There’s no such thing, really, as objectively “great” music because, well, it's art. Art is subjective; everyone gets something different out of looking at a painting -- why would music be any different? Plus, maybe that girl who studies classical composition in college has a different idea of what “great” means than does the college freshman jamming to rap in his dorm with his buds.

Objectively, once you achieve an industry standard level of mixing, mastering, and songwriting into your songs, it’s good “enough," and that’s all you need.  

There’s an audience out there for every song, and they’re waiting -- they want your music. Don’t overthink that. It’s about nailing your music's unique, genuine quality down, then getting it into peoples' hands (read more about that with Cartoon Network composer, Davin Wood, here.)

… go for different.

If your music is genuinely you, it’ll be “differentiated,” and if you’re going to concern yourself with any part of song-creating, we recommend you focus on that. Think about it: at a certain point you get sick of the same old music over and over again, just like you’d get sick of tacos if you had them over and over again. Yeah, tacos rock -- but not for breakfast, snack, lunch, snack, dinner, and dessert every day.

Humans crave novelty. If your music is unique, you’ll be satisfying cravings. 

How do you make unique music? There’s no real answer for that, we'd be blowing hot air if we tried to tell you we figured out that life mystery-- but if you be yourself, doesn’t that seem like a killer route? There’s only 1 you, so there’d be no other music like yours if it’s genuine.

So how do you make something genuinely you? Go to the source: you (duh).

2) Your Health

Why does health matter? I’ll sleep when I die! YOLO.

It’s not a luxury to take care of your physical and mental health -- it’s the only way you can drive your machine through life and do what you wanna do (especially music careers). Otherwise, you’re in pain or exhausted or anxious or sad or distracted or annoyed and you just don’t get work done.

Optimizing your health isn’t necessarily only about eating vegetables, logging hours on the elliptical, going to a therapist, or reading self-help books. Sure, those can all be part of your equation  -- but they all feed into the part of health that the IMBM cares about most: self-awareness. It’s the running dialogue in your mind. Your mind can either be strong or weak-- it’s a muscle in that way.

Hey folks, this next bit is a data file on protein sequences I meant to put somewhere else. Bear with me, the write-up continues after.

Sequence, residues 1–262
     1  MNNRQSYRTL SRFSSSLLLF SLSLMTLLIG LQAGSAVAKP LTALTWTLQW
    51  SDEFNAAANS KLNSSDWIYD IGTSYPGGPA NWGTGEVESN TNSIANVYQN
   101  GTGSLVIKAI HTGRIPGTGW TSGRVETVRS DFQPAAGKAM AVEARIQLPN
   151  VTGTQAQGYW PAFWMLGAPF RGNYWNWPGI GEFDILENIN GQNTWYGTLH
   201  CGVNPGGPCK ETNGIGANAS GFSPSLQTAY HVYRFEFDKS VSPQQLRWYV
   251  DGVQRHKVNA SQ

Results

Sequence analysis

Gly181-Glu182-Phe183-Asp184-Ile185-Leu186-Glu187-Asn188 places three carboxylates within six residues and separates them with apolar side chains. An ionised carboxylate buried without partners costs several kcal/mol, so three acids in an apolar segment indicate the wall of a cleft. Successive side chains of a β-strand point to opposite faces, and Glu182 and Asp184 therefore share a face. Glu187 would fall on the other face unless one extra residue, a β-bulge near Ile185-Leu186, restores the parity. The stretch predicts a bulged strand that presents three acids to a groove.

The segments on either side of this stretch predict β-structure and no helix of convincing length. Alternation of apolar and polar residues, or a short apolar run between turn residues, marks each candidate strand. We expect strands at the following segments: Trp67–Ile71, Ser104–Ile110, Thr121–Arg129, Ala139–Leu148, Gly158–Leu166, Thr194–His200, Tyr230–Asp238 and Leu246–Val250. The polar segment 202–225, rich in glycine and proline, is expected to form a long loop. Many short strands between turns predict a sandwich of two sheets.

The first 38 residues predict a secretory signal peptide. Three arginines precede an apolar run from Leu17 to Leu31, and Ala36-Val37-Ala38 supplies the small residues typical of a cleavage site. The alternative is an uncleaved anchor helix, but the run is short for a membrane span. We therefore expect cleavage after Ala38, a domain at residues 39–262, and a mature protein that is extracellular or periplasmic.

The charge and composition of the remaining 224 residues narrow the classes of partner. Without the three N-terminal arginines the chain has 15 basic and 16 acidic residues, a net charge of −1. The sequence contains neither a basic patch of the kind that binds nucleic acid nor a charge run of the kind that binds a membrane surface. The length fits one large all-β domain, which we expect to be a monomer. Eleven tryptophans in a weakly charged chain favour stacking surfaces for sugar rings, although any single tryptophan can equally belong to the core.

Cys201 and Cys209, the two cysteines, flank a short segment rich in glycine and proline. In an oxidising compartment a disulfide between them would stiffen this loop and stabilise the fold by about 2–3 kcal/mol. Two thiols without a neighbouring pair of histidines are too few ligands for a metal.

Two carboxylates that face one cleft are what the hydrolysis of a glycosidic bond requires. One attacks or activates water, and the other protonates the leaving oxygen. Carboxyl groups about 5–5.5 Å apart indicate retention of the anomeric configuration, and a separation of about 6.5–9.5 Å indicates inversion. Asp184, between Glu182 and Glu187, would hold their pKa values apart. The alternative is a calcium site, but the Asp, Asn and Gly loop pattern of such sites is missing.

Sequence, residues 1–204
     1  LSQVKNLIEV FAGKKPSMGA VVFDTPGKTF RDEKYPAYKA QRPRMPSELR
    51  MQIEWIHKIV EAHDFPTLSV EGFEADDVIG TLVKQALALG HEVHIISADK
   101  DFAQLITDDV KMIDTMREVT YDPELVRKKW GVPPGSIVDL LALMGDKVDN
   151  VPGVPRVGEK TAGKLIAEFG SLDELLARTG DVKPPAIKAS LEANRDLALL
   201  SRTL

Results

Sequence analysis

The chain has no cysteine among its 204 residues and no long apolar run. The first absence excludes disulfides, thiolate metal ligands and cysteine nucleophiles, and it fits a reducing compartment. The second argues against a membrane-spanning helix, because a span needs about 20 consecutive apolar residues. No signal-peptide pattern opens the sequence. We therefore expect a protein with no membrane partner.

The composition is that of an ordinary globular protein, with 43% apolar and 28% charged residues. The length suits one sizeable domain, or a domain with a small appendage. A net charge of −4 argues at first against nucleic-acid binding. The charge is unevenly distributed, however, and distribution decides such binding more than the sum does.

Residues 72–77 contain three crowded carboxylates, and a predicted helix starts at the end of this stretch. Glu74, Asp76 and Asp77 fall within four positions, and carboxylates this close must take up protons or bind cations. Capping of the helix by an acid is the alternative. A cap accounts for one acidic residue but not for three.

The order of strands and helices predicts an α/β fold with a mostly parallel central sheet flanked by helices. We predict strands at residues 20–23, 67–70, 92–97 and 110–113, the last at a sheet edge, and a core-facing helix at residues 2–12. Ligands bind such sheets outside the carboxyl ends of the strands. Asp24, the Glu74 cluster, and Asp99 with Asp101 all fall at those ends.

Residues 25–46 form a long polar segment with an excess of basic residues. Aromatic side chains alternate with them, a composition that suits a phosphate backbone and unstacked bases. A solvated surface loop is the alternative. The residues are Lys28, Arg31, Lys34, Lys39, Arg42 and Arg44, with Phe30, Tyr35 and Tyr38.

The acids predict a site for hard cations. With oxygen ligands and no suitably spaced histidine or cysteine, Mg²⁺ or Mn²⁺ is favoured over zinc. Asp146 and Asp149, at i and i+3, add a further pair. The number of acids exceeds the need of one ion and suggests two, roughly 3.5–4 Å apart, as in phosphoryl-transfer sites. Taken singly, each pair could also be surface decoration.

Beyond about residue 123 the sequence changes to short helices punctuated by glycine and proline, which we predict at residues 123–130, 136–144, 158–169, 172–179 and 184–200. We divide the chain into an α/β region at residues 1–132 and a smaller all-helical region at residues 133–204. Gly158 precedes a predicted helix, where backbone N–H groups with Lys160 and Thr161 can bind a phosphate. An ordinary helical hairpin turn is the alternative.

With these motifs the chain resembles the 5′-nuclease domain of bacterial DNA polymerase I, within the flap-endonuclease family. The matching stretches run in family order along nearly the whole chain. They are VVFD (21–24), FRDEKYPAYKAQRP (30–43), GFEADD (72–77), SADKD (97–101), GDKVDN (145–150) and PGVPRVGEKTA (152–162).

Read more about this critical topic by clicking here!
Pittsburgh, dusk.

... and did you know that "Living Life" is vital for making your music?

Being an indie musician means the work is in your hands, but that doesn’t mean it should be all you dedicate yourself to. How else would you create relatable music? For example: do you think listening to a forced love song from someone who’s been too busy working to have a relationship would be particularly satisfying?

Living your life is what makes your mind unique, therefore making your music unique -- and maybe the fact that having fun, seeing the world, or being with the people you love is contributing to your career will let you ease off yourself a bit.

Remember, the name of the game is pacing the marathon: creating skill bit by bit, while upkeeping this machine you’re forced to do all the work from. And one more note:

Sometimes truly resting --whether it's losing yourself on a park walk or going skydiving in Jamaica-- will unlock a whole new level of your creativity. You’ll come out of rest like a raging superhero of inspiration as your mind assimilates the lessons you’re learning in your experiences. It’s like how the fitness world advises to take rest days for your muscles to heal; or how about our calendar that has 2 rest days scheduled in, literally every 5 days?

Don’t be afraid to rest. It might be the best thing you ever do for your music.

Onward to a topic that we’re especially excited to share our take on: Business Basics.